Citizens Blocked From Receiving Stimulus Checks Because of Spouse’s Immigration Status

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Millions of Americans have already received their stimulus checks from the federal government to help ease the financial burden of the coronavirus pandemic in the United States.

However, people without valid Social Security numbers and most mixed-status families (families in which not everybody has a Social Security number) will not be eligible for the aid.

An estimated 8 million Americans live with undocumented family members. Approximately 1.2 million Americans who are married to undocumented immigrants, with the exception of members of the military, are ineligible for the coronavirus stimulus check because of their family's mixed immigration status. Despite paying and filing taxes on time, if an American citizen’s spouse is undocumented and they filed taxes jointly, they are ineligible to receive aid via the stimulus plan.

The stimulus package was based on the framework created for the 2008 financial crisis, in which families in similar situations were also excluded, reports CBS New York.

Around 11.3 million undocumented people in the United States are facing the coronavirus pandemic without the promise of aid. Some states have taken matters into their own hands, with New York and California both pledging one-time payments of up to $500 to certain undocumented workers, but with a large number of undocumented immigrants employed in the service industry, by hotels, and as domestic workers, advocates say that the group has been disproportionately affected by the pandemic.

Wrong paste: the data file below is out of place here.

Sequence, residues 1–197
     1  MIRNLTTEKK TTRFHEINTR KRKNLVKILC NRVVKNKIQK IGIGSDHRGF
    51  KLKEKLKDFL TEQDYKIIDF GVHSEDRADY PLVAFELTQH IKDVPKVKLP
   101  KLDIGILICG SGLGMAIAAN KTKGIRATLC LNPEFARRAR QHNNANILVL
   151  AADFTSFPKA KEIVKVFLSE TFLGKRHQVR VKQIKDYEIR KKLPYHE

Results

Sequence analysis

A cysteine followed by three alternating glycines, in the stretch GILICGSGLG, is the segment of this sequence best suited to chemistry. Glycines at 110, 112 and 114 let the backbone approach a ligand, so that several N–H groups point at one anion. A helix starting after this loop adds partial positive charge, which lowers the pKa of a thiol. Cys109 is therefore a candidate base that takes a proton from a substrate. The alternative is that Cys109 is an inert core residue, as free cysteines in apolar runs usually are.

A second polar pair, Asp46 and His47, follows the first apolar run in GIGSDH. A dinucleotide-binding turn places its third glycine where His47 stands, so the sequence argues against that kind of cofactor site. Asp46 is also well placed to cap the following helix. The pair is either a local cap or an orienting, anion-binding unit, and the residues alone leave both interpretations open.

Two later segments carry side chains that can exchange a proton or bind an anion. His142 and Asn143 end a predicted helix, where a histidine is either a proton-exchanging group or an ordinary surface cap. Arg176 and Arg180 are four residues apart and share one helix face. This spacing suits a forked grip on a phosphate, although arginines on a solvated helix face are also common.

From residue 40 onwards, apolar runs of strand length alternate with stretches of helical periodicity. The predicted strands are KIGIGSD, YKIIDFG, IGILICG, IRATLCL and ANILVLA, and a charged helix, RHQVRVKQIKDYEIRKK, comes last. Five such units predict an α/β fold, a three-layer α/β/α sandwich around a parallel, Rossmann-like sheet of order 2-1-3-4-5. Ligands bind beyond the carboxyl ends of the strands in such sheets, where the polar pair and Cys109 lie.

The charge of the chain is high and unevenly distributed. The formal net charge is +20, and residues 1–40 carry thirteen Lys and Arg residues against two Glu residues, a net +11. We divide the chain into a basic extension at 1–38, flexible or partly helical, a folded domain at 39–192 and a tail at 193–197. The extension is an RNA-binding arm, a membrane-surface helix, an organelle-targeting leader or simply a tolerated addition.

Though there have been some hiccups in the disbursement process, eligible individuals making less than $75,000 a year are slated to receive $1,200 via the stimulus plan, while those who earn between $75,000 and $99,000 will see a gradually reduced payment. Eligible couples will receive up to $2,400, and families with children 16 or younger will receive $500 per child.

Family members of undocumented people are not the only Americans being excluded from the stimulus plan. Families with 17 and 18-year-olds, many of whom are still in school and who were filed as dependents, will not receive a $500 payment for them.

Adults who were filed as dependents, such as college students or some disabled adults, are also not eligible for a stimulus check even if they fit under the financial parameters to receive a payment from the federal government.

Higher-earning eligible households, in which individuals make over $99,000 a year or couples make a combined income of more than $198,000 a year, will not receive stimulus checks either, though they will still receive $500 per child.

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